By Mark Scullard, Director of Research, and Jeffrey Sugerman, President and CEO, Inscape Publishing
Imagine this: It’s your first day of work at a new job. You’ve been trying to get hired by this company for a long time, and you’re excited to be working there. Someone you’ve never been introduced to comes out to meet you in the lobby. This person then takes you to an empty workspace: no computer, no phone, not even a pen in sight. Then you see your boss—the one who hired you—and she seems confused that you’re there. She’s not sure what happened, but one thing is clear: Your first day isn’t going how you thought it would.
Now clearly this scenario is an extreme example of what could go wrong in the onboarding process. Most of us wouldn’t forget to have a computerready to go for a new hire on the first day. The point here is that onboarding practices matter.
Companies that are focused on increasing employee engagement have come to understand that the seeds of a new employee’s commitment to the organization are sown during the first few weeks on the job. As a result, new employee onboarding practices have evolved from the days of being escorted to an empty workspace, handed an employee manual, and given a cursory tour of the facility.
We were curious about which onboarding practices make a real difference, so we asked both employees and HR professionals to weigh in on what contributes most to onboarding success.
Wisdom of the HR Pros
In addition to learner feedback, we also went to the experts—an HR professionals group on LinkedIn—and asked about onboarding best practices. Over the next few days, we had a lively discussion about why onboarding is important and how to do it. Here are a few ideas:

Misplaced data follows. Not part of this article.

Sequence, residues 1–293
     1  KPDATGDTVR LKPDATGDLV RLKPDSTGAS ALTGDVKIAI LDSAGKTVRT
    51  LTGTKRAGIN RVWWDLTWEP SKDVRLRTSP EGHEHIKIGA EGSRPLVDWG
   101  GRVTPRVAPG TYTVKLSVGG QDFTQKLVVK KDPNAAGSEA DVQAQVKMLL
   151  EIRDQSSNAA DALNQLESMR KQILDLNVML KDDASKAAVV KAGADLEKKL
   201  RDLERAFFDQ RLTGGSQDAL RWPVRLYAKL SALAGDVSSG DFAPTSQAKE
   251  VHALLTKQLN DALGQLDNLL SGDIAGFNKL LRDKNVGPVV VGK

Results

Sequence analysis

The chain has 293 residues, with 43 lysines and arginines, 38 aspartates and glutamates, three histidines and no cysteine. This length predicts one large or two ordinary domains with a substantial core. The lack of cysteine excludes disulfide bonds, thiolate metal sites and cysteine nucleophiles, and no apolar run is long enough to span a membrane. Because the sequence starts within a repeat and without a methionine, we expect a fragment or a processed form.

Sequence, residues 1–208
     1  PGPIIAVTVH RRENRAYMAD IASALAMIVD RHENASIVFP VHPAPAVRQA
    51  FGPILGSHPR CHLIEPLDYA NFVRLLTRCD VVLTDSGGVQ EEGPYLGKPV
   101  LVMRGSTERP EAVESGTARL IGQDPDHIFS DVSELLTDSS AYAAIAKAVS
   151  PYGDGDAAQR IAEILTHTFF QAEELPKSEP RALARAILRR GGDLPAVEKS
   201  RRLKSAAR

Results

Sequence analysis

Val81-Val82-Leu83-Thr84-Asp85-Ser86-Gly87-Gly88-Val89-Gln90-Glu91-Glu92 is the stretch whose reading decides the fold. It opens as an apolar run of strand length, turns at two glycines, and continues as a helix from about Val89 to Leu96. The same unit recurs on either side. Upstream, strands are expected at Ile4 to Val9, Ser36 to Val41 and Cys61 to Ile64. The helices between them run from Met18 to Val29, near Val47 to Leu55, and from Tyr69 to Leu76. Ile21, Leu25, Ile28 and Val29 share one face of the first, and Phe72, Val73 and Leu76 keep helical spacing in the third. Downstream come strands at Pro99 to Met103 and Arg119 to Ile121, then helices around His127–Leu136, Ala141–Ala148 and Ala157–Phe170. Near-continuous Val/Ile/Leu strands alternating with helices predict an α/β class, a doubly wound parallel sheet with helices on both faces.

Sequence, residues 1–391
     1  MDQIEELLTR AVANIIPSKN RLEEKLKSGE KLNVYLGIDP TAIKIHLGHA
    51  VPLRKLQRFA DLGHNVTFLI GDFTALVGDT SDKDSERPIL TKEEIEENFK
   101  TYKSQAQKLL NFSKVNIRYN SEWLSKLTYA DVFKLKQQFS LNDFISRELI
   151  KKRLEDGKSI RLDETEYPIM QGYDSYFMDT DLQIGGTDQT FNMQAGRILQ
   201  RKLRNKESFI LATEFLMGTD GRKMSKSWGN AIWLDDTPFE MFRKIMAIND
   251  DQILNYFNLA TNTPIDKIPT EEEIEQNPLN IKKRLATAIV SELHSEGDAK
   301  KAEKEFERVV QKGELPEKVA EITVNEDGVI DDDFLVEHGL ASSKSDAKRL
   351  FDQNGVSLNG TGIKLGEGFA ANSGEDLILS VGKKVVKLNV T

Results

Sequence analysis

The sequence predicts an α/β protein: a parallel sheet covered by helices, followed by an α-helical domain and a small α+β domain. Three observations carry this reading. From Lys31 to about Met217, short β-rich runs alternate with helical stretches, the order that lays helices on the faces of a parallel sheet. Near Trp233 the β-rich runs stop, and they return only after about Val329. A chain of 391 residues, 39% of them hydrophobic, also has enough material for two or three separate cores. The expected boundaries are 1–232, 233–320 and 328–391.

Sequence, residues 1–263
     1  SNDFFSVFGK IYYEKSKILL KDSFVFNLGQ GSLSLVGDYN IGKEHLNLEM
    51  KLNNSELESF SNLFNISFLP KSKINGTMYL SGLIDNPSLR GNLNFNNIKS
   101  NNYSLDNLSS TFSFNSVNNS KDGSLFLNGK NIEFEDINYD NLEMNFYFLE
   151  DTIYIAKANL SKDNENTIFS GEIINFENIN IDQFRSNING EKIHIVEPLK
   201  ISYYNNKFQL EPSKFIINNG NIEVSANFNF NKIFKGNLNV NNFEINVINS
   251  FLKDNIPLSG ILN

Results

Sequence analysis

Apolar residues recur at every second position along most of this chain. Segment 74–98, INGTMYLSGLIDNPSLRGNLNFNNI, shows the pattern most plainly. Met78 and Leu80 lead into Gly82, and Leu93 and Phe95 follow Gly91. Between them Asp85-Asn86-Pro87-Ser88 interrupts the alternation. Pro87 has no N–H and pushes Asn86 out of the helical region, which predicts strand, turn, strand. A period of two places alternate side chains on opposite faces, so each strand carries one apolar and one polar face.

We surveyed 2,829 recent training participants about onboarding in their current company. People who received a summary of the organization’s missionsaid they were able to “significantly contribute to the organization” four weeks earlier (on average) than those who did not. They also were able to figure out how important decisions got made in the organization six weeks earlier than those who did not.
Likewise, people who had a thorough overview of their job responsibilities from another personfelt they were able to “significantly contribute” 25 days earlier than those who did not. They also were able to figure out “how important decisions got made in the organization” 37 days earlier than those who did not.
This suggests that people who do well are given information about the structure of their organization or department as part of their onboarding practice. However, it also may be that new employees thrive because their organizations/departments actually have a clear vision of where they are headed and the new employee’s role within that vision. That is, the presence of these onboarding practices may be the hallmarks of an organization with a clear, well-articulated vision.
You Never Get a Second Chance…
While we can debate the merits of different practices and strategies for onboarding, one thing everyone can agree on is its importance. Onboarding is the first impression your company makes to a new employee, and first impressions are important. Effective onboarding is essential for employee engagement and performance—which is essential to the company’s success, as well.
Mark Scullard is the director of research at Inscape Publishing, a provider of training materials for the corporate market. He has more than a decade of research and data analysis experience in the development of psychological evaluation tools and methods. Scullard received his doctorate in psychology from the University of Minnesota, with a supporting program in statistics.
Jeffrey Sugerman is the president and CEO of Inscape Publishing. He has more than 20 years of experience in senior management, marketing, and business development in the technology, training, and publishing industries. Sugerman holds doctorate and master’s degrees in psychology from Washington University in St. Louis, and a bachelor’s degree in psychology from Northwestern University.
Scullard and Sugerman are the co-authors of “The 8 Dimensions of Leadership: DiSC Strategies for Becoming a Better Leader.”